I started pushing in May of this year to please, please, please transfer me. Please. Please at least let me not live alone in a strange place anymore. I pushed and pushed and pushed. And then the hammer got dropped on me. I was “terminated”. So not only had I lost so much of my identity, of my joy, of my hobbies, of my friends, of people that I was forming relationships with, then I got told, “It’s all for nothing and you’re not good enough.” THAT WAS FUN. I hadn’t read more than 4 books in 9 months (compared to the 110 I read the year before). My body was broken (kidney stone, gallbladder stone, whatever the precursor to carpal tunnel is, panic attacks, insomnia), my heart was broken, and frankly in a lot of ways, my spirit was broken.
Through it all, through me at my lowest, through me at the point where when I got fired the people that love me eventually confessed to being relieved because they were that worried about me, there was Del. Del was my touchstone who lived 1600 miles away from me, but who kept me sane. Who was always there when I had to sneak to a bathroom or a deserted hallway and cry and scream and hate everything, including me. And so, oops, we fell in love. So like, I can’t review Del Dryden’s books anymore, but I figure that’s an okay tradeoff for what I have now.
To bring this all around, I had to scramble. I had no money saved up (hey, Chicago is expensive, and so is working from 8 AM to midnight and not being able to cook and having to eat out and having a million allergies and), bills that kept piling up, and a list of people that I hadn’t been able to keep track of, that I had let down on the friendship level, and that I had been isolated from, including members of my family. I had nothing to show for it other than an extra 15 lbs and some maxed out credit cards.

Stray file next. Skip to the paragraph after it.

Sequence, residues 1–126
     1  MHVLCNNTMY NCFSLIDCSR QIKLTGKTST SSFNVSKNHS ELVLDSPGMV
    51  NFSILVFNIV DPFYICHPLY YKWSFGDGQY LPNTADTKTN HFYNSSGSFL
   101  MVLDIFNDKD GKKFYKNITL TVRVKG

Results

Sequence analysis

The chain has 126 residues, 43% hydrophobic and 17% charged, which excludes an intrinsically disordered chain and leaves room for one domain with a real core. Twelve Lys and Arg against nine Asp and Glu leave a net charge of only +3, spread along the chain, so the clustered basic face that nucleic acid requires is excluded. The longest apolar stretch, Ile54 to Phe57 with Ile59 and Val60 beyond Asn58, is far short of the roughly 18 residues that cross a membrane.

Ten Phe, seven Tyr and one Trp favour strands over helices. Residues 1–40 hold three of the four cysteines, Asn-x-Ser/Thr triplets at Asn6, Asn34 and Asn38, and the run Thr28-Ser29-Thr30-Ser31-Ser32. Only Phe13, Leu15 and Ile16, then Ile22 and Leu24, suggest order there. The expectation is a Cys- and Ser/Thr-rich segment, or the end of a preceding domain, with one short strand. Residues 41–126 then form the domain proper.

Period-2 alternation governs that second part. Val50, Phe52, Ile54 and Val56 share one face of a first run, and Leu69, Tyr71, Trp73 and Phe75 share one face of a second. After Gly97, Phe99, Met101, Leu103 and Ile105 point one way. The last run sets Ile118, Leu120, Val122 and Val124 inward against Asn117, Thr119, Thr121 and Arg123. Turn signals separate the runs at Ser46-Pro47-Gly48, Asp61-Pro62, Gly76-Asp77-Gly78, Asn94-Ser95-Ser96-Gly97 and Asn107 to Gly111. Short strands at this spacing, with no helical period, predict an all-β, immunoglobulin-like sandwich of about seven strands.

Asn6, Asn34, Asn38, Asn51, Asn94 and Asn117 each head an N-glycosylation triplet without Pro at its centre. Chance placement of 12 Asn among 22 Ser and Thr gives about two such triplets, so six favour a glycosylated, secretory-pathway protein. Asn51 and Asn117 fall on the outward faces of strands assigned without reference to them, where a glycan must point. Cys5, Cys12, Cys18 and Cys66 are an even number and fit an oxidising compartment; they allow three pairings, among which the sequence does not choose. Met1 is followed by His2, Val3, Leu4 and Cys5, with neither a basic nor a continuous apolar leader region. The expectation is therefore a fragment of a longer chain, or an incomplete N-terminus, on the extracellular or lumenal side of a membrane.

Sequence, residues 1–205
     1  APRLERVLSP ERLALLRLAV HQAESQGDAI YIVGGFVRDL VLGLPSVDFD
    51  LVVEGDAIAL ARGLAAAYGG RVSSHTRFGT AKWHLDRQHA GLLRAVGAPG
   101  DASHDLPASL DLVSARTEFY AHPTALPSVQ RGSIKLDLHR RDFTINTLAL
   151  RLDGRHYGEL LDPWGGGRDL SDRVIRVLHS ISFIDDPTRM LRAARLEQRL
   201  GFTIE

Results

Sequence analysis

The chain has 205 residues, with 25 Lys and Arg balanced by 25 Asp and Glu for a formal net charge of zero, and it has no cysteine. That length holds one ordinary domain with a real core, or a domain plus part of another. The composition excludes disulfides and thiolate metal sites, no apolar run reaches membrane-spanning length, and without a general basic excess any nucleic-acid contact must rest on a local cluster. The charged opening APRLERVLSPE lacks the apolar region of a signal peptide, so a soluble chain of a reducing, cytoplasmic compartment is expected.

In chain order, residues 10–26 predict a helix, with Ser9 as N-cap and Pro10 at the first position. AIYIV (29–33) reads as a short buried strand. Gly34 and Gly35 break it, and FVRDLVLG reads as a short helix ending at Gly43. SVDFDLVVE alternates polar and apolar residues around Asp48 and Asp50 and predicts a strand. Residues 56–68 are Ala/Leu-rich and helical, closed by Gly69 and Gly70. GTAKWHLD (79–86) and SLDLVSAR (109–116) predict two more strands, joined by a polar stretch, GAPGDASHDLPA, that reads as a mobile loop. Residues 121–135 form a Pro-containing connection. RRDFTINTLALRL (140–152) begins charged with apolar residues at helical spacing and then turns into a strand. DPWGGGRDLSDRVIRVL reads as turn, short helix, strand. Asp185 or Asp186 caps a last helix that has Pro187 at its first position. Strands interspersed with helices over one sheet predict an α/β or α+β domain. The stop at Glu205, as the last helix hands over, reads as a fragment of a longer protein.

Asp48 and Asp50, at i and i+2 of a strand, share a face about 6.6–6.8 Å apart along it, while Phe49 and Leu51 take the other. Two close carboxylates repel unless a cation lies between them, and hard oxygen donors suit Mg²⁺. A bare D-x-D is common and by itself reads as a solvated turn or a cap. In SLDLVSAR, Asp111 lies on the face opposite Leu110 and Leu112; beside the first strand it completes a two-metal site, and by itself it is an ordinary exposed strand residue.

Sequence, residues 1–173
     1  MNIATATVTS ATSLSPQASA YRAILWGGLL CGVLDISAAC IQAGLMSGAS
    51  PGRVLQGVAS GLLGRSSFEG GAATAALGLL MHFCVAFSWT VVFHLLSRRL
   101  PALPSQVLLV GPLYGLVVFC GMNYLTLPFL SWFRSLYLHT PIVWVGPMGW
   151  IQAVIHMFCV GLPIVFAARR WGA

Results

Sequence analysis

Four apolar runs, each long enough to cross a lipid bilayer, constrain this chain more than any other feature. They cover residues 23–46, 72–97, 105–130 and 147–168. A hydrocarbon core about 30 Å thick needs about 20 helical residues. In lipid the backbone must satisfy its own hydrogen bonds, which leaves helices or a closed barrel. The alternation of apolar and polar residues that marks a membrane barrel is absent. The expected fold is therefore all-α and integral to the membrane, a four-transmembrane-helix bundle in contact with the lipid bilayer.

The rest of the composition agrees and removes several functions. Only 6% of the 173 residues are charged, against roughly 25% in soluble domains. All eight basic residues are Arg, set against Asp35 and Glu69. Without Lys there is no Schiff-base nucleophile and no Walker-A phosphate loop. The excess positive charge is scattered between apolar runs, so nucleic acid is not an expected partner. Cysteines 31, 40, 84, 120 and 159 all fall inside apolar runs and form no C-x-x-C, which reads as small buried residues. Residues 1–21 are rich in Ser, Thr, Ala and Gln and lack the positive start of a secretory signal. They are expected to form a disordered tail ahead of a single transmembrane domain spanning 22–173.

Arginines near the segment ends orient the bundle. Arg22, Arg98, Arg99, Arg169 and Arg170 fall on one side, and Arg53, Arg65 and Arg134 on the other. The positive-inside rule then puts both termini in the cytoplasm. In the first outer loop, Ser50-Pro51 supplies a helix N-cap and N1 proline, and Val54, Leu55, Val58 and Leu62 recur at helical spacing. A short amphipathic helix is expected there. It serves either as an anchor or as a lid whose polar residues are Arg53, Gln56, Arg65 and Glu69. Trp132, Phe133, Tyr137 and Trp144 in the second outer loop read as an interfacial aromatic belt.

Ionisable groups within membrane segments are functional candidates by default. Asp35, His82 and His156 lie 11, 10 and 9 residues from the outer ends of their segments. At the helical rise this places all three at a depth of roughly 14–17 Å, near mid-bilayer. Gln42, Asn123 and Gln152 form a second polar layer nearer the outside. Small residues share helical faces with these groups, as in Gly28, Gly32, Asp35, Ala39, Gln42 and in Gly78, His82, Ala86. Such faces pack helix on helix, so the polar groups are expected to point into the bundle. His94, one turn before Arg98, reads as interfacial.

So, I applied for a job where Del Dryden lived (uh, we talked about it a lot first, it wasn’t like I showed up on her doorstep all, ‘I’ve been hiding under your porch because I love you. Can I stay?’). And oh hey, I got the job. And now we’re living together. But in the past 2.5 months I’ve had to moved long long distances twice and I’m still mentally recovering from the huge blow I was dealt and from the 9 months preceding that huge blow.
I still haven’t finished a book in a while and it’s weird. And I do feel like a part of me is missing because of that. I feel like I left a piece of myself in Romancelandia and I need to go and find it and stake out some terrain again and make a little hovel for myself (and Del) and enjoy my passion again. I want to have a passion again, for God’s sake.
Luckily, my new job is … dare I say it, normal. With normal working hours. And normalish people. And I’m somehow making the same amount of money for a fraction of the stress, and I get to come home to the woman I love at a place that is already feeling like a home. My hope is that this all results in me actually reading a book. And maybe having thoughts about that book. And hopefully, posting those thoughts here.
I just can’t promise when I’ll be there again.